PRESS: Well, wait a minute, you say in your book, that they met every morning around this conference table, Starr let everybody talk, and you point out over, and over, they keep coming back to wanting to wire her right until the very end, through negotiations with Ginsburg and then later with Plato and Jake Stein.

So how could he not know what was going on?

TOOBIN: See, what was my grievance with Starr, I think the Clinton people were way wrong when they said that Starr violated the law, that he was breaking laws. His problem was incompetence and overzealousness. You know, in the key moment in this case, they had a chance, in February, right when the story broke, right after, you know, within a week, to make a deal with Monica Lewinsky and her attorney, the famous, or infamous, Bill Ginsburg, and they could have had the dress, they could have had her testimony within a week, but they made the mistake that Clinton's enemies always make, which was thinking no, no, no, there is more out there, there is a shoe to drop; we don't give her immunity now, because she'll give us some big conspiracy later. But they were wrong, and they blew their case.

PRESS: Just to make the point and then go back to Mary, in fact, you sum it up that what Starr was left with after the people that were working for Robert Fiske left were the unemployable and the obsessed? That sums up the staff?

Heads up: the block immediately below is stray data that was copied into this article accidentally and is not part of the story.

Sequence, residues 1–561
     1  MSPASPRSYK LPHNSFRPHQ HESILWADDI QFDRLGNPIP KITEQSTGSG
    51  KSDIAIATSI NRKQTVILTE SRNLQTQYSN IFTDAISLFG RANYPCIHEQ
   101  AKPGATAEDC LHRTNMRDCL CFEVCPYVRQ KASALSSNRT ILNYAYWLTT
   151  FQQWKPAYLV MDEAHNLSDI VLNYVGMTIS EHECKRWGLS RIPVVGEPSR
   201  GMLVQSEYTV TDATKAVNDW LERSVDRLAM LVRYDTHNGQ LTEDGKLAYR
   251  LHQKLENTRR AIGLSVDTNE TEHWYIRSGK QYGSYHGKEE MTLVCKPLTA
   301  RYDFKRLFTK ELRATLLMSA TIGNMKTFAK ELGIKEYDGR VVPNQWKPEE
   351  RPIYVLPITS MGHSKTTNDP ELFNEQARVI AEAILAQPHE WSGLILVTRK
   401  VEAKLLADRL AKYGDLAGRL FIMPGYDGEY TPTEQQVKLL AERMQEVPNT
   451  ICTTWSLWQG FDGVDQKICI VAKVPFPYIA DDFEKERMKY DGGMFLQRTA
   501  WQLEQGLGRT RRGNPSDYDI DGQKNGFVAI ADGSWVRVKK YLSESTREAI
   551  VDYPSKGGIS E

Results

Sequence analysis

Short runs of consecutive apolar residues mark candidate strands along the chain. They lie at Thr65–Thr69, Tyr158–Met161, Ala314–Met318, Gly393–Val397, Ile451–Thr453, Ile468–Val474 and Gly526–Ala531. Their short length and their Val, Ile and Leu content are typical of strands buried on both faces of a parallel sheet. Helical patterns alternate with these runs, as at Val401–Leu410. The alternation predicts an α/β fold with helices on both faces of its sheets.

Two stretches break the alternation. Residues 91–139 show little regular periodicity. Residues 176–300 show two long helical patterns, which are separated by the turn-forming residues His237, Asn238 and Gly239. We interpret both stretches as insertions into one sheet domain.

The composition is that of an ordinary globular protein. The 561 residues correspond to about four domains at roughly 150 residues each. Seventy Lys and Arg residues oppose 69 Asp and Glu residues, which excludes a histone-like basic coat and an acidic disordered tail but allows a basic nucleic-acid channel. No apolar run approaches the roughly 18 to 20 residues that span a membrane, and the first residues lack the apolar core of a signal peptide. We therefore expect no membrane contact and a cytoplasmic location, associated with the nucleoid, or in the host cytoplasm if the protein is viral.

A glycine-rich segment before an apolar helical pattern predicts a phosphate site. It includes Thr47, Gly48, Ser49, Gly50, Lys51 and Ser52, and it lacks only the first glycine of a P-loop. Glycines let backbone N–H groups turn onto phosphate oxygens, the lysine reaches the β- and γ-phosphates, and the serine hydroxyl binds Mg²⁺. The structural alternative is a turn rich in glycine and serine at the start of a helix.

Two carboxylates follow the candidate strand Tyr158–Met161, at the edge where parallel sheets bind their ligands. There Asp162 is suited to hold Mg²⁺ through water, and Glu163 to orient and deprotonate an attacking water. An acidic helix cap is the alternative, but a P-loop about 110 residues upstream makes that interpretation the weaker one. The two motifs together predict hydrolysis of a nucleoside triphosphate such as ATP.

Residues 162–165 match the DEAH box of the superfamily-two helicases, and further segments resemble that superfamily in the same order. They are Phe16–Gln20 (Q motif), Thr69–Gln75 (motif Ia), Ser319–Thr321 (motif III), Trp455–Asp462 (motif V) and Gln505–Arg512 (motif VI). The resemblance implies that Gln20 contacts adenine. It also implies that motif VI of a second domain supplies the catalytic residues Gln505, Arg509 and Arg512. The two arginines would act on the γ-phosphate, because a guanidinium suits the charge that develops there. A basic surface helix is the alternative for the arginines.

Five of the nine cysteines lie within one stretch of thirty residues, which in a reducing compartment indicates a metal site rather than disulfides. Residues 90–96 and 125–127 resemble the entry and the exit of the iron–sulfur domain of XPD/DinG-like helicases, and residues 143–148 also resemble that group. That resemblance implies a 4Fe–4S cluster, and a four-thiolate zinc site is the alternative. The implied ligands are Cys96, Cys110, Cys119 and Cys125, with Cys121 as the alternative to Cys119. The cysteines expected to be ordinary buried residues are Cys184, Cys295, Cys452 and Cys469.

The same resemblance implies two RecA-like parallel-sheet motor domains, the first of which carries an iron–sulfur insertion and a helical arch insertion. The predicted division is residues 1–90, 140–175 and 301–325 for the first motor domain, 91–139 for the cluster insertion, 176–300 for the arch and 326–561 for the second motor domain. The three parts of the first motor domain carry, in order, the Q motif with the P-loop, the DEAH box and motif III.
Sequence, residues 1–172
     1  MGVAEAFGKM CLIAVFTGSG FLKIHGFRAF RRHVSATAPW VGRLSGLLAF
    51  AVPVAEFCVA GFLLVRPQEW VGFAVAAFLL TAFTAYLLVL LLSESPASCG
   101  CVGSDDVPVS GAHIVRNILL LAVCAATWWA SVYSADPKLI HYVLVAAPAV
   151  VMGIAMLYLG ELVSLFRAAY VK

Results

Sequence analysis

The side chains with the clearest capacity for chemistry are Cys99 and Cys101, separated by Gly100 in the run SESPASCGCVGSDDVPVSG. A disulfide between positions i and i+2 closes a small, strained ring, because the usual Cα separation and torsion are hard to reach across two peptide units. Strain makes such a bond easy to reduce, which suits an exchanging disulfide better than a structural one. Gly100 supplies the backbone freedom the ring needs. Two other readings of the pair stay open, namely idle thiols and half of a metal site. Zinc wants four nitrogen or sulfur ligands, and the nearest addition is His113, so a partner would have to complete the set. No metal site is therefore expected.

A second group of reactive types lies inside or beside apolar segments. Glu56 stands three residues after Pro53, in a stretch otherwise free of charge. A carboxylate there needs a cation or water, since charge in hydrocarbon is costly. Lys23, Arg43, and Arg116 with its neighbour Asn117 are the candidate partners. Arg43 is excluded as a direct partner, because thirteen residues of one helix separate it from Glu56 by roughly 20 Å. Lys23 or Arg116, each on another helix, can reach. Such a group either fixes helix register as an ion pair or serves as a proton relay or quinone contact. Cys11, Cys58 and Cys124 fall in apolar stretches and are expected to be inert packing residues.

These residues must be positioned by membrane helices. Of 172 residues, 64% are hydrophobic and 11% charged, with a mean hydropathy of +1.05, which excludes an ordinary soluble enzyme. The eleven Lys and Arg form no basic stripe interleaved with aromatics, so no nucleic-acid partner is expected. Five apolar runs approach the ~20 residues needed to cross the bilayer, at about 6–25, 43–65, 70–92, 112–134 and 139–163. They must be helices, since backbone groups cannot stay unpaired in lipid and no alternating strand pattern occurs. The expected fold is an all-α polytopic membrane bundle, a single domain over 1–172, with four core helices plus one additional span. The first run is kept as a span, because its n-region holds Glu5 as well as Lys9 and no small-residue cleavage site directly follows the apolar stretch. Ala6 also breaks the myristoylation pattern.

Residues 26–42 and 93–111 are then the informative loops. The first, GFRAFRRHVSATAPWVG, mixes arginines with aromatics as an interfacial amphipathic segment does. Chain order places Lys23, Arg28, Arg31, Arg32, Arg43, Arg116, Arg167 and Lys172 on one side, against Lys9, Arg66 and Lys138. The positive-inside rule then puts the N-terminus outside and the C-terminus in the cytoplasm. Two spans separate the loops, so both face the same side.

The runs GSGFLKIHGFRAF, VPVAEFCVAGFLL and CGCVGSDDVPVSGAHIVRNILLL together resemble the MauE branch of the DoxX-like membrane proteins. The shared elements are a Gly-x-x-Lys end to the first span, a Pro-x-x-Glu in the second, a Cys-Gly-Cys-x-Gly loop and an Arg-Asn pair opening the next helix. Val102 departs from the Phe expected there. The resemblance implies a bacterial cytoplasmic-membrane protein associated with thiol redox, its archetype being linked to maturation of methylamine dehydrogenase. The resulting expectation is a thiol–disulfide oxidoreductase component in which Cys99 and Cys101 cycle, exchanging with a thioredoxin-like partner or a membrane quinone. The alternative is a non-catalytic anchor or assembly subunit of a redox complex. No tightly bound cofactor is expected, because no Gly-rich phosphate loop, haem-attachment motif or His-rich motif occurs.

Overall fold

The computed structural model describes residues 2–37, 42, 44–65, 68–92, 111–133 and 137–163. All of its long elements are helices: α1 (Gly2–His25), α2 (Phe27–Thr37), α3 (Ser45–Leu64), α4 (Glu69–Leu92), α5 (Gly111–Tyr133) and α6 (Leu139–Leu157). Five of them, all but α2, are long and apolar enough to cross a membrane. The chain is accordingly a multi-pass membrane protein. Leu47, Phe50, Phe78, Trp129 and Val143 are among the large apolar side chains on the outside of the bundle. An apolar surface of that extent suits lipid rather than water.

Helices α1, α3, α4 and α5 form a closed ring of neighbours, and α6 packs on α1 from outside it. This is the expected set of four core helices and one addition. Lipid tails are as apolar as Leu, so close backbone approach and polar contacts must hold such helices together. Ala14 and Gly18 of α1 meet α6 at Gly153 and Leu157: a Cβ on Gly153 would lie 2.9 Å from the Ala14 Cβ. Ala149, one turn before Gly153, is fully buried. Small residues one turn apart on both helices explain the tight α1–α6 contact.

TOOBIN: And it really was that's who was in charge of this investigation, and that's why it was such a failure.

MATALIN: Can I go to that staff question?

PRESS: Sure.

MATALIN: The staff had at least six former Supreme Court clerks. It had federal and state prosecutors from across the country. It had two John Marshall Award recipients. You know what those are of course. There's only one a year awarded at the top litigator at the Department of Justice. They brought 16 convictions, and at the appellate level, they were 20 for 20 against the biggest, baddest law firm in Washington. Why do you say the staff is so bad and Ken Starr is so incompetent?

TOOBIN: Ken Starr didn't know a thing about being a prosecutor, never prosecuted a case in his life. The person he put in charge of the investigation was a guy named Robert Bittman, whose sole qualifications were that he had prosecuted some street crimes in Annapolis, not one federal case. He had two exceptionally qualified people, in Michael Emmick, the former head of the public corruption unit in Miami -- in Los Angeles. and Bruce Udolf, the former head of the public corruption unit in Miami. And they're the people who wanted to make the deal with Monica right away, and they ignored their advice of the truly qualified people and took the advice of the zealots. And the results speak for themselves.